However, looking back at Batman Forever, you see how miscast he was. It was like director Joel Schumacher let him do whatever he wanted on set and just rolled the cameras whilst he improvised continuously. His moments and jokes in the film go on too long and make The Riddler little more than a farce rather than a threat. The Riddler should be Batman’s psychological equal and challenge Bruce Wayne’s intellect with his genius and cunning. Instead, he just dances around the room with Tommy Lee Jones’ Two Face and doing weird accents whilst prancing and laughing.

There is a big parallel for me with Richard Pryor’s casting in Superman III in which director Richard Lester let him improvise for huge amounts of time which turned the film’s tone into something strange and centred the movie on the story of Pryor’s character as opposed to that of Superman. Superman very much became the second string character in his own movie because Richard Pryor was beloved by the American public and directors thought he could be shoehorned in to lend humour to the franchise. It would be like Kevin Hart or Rob Schneider being the sidekick to Henry Cavill’s Man of Steel in the upcoming Batman v Superman. Just writing this now, I remember, with regret that Rob Schneider already played a sidekick to Sly Stallone’s Judge Dredd…

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Other cases include that of Seth Rogen in The Green Hornet. Like Jim Carrey and Richard Pryor you could say that Rogen is also the comedian of his generation, he is always guaranteed to make a huge amount of money at the box office with his comedies and he is massively well liked, some would go as far to say he has been the era defining comedian of the past decade. Unfortunately, the move to a superhero film didn’t suit him. It’s a lot more likely that the disastrous outcome of the film was not because of Seth Rogen and his inability to be serious or understand the tone of the movie. It’s a lot more to do with the many production and personnel issues on the movie.

Rogen has stated in interviews that when he wrote the movie with co-writer Evan Goldberg they had an idea that started well and began to change as the budget escalated. The screenplay was often heavily scrutinized by studio executives, nipping needlessly at pieces of dialogue. This explains the confusing tone of The Green Hornet which is constantly changing. Director Michel Gondry, better known for his excellent independent films, had also never worked on a big budget movie before. Even though the same can be said of Jurassic World’s Colin Trevorrow, at least he had the support from Steven Spielberg and studio executives who knew what they could expect and just wanted to make the best film they could.

The Green Hornet was not Rogen’s fault, like Batman Forever wasn’t Jim Carrey’s, but they’re the ones who get left with the mess while the director’s, the writers and the rest of the cast go about their careers without any criticism by the mainstream audiences. Because they are actors more known for another genre, they are pinpointed and given the most criticism as clueless hacks tell them to go back to “what they do best”. Although not strictly a comic actor you could argue Ryan Reynolds got a similar treatment as both Deadpool in the abysmal X-Men Origins: Wolverine, which he is atoning for with his forthcoming standalone movie, and the perennially derided The Green Lantern.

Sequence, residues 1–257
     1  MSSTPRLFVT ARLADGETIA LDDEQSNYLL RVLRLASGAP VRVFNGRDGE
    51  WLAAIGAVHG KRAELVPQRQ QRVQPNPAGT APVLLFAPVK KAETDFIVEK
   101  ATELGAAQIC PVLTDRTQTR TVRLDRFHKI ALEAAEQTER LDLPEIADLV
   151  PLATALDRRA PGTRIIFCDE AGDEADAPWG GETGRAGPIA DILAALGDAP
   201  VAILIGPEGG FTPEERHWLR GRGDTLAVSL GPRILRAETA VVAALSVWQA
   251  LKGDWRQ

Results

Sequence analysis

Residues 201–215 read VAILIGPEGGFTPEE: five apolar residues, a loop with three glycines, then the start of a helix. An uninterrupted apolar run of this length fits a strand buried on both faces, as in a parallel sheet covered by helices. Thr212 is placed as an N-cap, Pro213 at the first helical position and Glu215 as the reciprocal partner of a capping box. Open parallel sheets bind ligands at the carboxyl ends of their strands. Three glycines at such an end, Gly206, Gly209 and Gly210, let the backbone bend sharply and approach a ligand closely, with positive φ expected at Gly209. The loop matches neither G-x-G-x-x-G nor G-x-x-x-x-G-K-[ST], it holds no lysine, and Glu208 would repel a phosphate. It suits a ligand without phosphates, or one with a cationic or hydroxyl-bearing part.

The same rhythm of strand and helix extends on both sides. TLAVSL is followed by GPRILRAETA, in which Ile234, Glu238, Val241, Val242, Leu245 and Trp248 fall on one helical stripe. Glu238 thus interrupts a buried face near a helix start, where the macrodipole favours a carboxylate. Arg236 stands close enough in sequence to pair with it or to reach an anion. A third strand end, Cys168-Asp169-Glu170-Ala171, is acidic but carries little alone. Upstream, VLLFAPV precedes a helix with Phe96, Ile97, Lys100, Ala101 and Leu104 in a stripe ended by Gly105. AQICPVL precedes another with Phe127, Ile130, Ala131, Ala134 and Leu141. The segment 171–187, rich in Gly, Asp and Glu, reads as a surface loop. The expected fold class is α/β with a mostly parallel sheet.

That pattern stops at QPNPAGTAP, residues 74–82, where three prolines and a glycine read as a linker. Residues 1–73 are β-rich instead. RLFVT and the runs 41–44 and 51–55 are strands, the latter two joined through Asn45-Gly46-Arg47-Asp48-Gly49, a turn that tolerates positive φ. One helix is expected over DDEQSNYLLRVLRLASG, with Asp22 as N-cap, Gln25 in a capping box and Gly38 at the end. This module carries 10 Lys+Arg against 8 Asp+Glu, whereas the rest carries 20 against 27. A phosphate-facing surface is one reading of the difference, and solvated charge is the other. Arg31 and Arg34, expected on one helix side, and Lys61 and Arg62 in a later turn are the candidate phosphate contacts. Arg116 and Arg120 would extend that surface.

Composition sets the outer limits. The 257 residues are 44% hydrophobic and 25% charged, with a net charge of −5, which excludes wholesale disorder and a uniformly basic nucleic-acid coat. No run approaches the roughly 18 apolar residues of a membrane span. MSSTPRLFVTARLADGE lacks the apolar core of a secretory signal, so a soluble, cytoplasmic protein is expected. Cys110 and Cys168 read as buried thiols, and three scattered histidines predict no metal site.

Which brings me to Marvel’s newest offering Ant-Man. It’s been over a ten year wait as the baton of director has been passed from Edgar Wright to Peyton Reed but throughout the entirety of Ant-Man’s production history the lead actor has always stayed the same. Paul Rudd is an actor of immense quality and is known mostly as a comedy actor; it is the genre that he has appeared in most and if you were to think of three Paul Rudd films off the top of your head the chances are they would be comedies.

Both the filmmakers and Rudd are taking a huge risk with Ant-Man because if this film flops, it will flop hard, considering Marvel are currently on such a winning streak. Sadly is would be harder for Rudd to recover than Marvel, it won’t ruin his career but it will be a blot on an otherwise wonderful oeuvre. He will forever be known as Ant-Man which would always have those negative connotations and would be the face of the Marvel movie that didn’t quite meet the standards of the others. Some people survive the bad reviews, comedic actor or not (George Clooney in Batman and Robin) and some don’t (Brandon Routh in Superman Returns and arguably Halle Berry in Catwoman) we will see what the audiences think in a few weeks’ time.

What Marvel are great at doing in terms of casting is hiring actors who are deemed serious actors, and then add the comedy as opposed to hiring comedians and then writing the script to suit them. The Marvel writers make the characters witty and funny, and that is due to great writing and the charisma of the actors, especially the likes of Robert Downey Jr. But it’s fair to say Paul Rudd could boast the same amount of charisma as any of The Avengers.

These days you don’t see too many comedians in these films. When people like Kevin Hart, Adam Sandler, Ricky Gervais, Jonah Hill and Jason Segel are making millions and millions of pounds with their movies why would they want to risk sullying their career with a massive flop of a superhero film. They don’t need that grief, especially as the superhero movies now move into the deep echelons of darkness; there may not even be room for these talented actors within the genre.

I think Paul Rudd is going to excellent as Ant-Man, whether the film will be equally great is another matter. He can take a ray of light from the fact that before The Guardians of The Galaxy last year, Chris Pratt was primarily a comic actor with Parks and Rec, The Five Year Engagement and What’s Your Number, with only really cameo appearance in films like Moneyball and Zero Dark Thirty to flex his acting chops, but has now established himself into the go to action hero for casting directors in Hollywood.

Movies Banned Across The World